In the year 1962, biologist Rachel Carson published her iconic book, Silent Spring, which opened people’s eyes to the dangers of chemicals in the environment. Carson evoked a world where the sound of bird song and the buzzing of bees would no longer be heard because of the agricultural industry’s systematic poisoning of earth, water and air. Carson’s work was a crucial moment in the environmental movement, which led to public outcry and eventually the banning of DDT (dichlorodiphenyltrichloroethane) in 1972. However, we are still a long way from ridding our world of highly toxic chemicals that can cause serious damage to the environment, as well as human and animal health. These chemicals still have an enormous global footprint and can be found in the air, our homes, our water and in the food we eat.
The Stockholm Convention
In an important milestone in international law, the Stockholm Convention on Persistant organic Pollutants entered into force in 2004. The Stockholm Convention is a global treaty to protect human health and the environment from Persistent Organic Pollutants (POPs) that are highly toxic. POPs circulate for years and sometimes decades before degrading and have been known to cause cancers, birth defects and impact immune, development, and reproductive systems, etc amongst animals and humans.The goal of the convention is to restrict and eventually phase out the production, use, trade, release and storage of these toxic chemicals.
Are we safe now?
Although the production of almost all these toxic chemicals have been prohibited under this Convention, they continue to be present in our environment and bioaccumulate.
Several of the banned chemicals are still permitted to be used in the manufacturing of insecticides, termiticides, adhesives, etc. Polychlorinated biphenyls (PCBs) may still lurk in our homes in old refrigerators, old florescent light fittings, old paints and PVC coatings of wires. PCBs are still used in electrical transformers. Hundreds of superfund sites in the U.S. are contaminated with PCBs including 200 miles of the Hudson River in New York State. The deaths of seabirds have also been linked to PCBs. DDT, which is infamous for decimating the bald eagle, osprey, and other predatory bird populations and for contaminating nursing mothers’ milk is still used on mosquitoes to control malaria in several countries.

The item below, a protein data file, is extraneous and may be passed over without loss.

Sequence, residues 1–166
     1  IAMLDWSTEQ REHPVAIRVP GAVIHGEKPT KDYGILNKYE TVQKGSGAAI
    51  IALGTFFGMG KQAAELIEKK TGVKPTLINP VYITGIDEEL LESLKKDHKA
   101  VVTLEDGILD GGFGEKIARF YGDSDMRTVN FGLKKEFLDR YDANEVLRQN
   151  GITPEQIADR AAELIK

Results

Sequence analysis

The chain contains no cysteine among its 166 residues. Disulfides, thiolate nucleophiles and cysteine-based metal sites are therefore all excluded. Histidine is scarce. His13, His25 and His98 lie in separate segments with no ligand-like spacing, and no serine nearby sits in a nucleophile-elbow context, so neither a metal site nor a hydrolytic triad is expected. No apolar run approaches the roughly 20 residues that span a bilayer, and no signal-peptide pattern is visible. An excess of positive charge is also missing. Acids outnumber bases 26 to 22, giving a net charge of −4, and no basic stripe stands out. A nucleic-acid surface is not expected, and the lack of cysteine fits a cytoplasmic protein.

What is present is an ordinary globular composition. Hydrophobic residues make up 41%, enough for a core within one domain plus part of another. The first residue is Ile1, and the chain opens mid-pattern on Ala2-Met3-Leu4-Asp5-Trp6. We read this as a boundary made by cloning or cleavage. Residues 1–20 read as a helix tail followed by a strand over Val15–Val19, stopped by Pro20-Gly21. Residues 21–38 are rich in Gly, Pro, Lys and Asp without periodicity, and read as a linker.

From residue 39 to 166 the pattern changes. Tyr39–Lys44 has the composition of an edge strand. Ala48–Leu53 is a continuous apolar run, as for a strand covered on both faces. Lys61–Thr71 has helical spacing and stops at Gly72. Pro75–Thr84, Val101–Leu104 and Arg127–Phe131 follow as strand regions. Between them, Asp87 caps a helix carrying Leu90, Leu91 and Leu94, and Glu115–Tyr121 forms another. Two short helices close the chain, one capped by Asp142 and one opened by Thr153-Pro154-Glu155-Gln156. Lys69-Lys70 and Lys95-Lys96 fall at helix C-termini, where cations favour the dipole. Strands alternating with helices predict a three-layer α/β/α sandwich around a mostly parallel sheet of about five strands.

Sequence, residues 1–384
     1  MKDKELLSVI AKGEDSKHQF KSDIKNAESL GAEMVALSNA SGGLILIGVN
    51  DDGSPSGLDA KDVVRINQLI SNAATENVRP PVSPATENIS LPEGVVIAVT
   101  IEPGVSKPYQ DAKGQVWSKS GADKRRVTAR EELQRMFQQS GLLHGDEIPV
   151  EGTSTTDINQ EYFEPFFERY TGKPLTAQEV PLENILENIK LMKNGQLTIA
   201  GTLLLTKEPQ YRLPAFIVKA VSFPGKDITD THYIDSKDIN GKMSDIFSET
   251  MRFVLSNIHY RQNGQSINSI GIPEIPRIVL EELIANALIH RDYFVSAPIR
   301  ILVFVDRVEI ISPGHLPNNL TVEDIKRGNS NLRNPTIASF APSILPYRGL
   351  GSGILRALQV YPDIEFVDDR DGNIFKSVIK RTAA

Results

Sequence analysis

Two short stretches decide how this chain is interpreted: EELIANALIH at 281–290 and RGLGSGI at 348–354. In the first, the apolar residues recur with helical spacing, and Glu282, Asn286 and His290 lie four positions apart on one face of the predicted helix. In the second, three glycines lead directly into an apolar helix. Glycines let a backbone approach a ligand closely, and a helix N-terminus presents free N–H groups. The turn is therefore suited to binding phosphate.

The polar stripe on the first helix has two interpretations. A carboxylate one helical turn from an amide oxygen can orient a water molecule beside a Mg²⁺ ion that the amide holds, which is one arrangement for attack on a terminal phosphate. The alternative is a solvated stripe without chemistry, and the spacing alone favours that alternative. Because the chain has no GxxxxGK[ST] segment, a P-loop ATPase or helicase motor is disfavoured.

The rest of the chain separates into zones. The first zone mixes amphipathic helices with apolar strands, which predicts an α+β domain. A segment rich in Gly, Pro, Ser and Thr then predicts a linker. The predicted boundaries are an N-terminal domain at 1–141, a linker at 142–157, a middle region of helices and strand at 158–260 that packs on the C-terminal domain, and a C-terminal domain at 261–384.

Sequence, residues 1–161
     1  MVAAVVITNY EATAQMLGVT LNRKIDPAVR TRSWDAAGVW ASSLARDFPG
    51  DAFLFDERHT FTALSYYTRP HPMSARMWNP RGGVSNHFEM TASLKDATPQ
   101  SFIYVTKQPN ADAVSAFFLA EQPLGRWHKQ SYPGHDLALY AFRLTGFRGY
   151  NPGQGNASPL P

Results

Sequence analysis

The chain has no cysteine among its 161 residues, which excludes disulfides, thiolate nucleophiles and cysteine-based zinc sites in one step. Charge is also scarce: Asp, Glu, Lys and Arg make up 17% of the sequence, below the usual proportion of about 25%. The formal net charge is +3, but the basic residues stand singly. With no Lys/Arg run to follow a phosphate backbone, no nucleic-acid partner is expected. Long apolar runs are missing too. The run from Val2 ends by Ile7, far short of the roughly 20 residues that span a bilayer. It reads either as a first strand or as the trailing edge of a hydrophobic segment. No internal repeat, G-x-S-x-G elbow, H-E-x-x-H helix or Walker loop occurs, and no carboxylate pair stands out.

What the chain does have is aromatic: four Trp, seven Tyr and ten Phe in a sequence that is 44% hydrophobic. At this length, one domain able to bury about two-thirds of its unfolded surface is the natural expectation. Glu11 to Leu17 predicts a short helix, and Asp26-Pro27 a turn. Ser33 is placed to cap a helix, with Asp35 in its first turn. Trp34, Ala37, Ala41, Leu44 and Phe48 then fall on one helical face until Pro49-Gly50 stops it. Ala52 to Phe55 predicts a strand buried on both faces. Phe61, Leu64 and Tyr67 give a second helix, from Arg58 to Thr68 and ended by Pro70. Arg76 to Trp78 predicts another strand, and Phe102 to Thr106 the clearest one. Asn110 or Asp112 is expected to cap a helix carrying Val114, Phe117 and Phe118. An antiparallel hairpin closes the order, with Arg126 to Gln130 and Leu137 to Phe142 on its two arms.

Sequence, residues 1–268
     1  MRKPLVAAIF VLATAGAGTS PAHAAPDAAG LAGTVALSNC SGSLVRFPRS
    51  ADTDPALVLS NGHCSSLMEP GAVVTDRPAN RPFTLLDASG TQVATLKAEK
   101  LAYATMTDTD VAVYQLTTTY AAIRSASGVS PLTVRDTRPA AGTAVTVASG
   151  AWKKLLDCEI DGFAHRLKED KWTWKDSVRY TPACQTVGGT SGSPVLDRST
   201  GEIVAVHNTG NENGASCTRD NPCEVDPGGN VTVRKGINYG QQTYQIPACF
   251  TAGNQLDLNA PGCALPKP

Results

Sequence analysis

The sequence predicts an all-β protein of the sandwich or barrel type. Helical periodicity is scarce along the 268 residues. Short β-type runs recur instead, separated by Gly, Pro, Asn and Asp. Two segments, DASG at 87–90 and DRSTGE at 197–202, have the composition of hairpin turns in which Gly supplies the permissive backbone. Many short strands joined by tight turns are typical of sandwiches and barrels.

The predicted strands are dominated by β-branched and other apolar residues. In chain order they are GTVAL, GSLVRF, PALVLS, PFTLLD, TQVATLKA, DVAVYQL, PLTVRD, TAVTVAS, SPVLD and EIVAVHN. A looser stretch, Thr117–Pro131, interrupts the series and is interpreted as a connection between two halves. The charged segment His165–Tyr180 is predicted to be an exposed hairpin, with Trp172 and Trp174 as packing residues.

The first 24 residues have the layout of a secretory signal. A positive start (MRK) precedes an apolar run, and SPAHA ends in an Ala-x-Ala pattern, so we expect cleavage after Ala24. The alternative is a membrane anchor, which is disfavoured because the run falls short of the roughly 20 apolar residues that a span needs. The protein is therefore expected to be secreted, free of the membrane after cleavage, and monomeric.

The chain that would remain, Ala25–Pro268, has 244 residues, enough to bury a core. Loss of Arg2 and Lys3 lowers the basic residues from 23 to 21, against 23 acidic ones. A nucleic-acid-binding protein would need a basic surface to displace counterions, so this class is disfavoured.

Dioxin, a byproduct chemical, is considered one of the most toxic substances to human beings as it is carcinogenic and can cause a host of other endocrine problems. Dioxins are present in vehicle emissions, metal smelting and refining and cigarette smoke, as well as more innocuous products like bleached paper. In 2008 Irish pork was withdrawn from sale when dioxins were discovered in animals that had eaten contaminated feed. Eating meat is a major source of dioxin ingestion in humans, dwarfing inhalation. Lindane, which was recently added to the POP list, has been exempted for use in head lice and scabies treatments.
The Good News
It’s not all acid rain and toxic sludge! Many corporations across various countries now have a toxic release registration system, and much of the information is publicly available, which has helped advocacy groups put that information to good use in naming and shaming corporate polluters. One such group, The Mid-South Peace and Justice Center in Tennessee, have compiled a dirty dozen list for the last three years that lists the types of chemicals released and how they affect the human body. Spokesperson Rita Harris says, “there is an anxiety that has been created in industry; some companies will do almost anything to keep from being on the list.” The lists have also mobilized the local community and empowered them to ask the right questions of polluters and as a consequence they have seen a massive reduction in emissions from local polluters. Harris says, “People were surprised at the amount of chemicals emitted right in their neighborhoods.”
Perhaps one of the best outcomes of heightened awareness of the toxicity of chemicals in our environment is the growing popularity of organic agriculture. Consumers are now better educated to make choices that benefit themselves and the environment.
Stay informed by finding out about pollutant emissions in your area by visiting the following sites and support organic agriculture!
- US: Toxics release inventory http://www.epa.gov/tri/
- Canada: http://www.ec.gc.ca/inrp-npri/
- Australia: National Pollutant Inventory http://www.npi.gov.au/
- Europe: Pollutants Emissions Register http://eper.ec.europa.eu/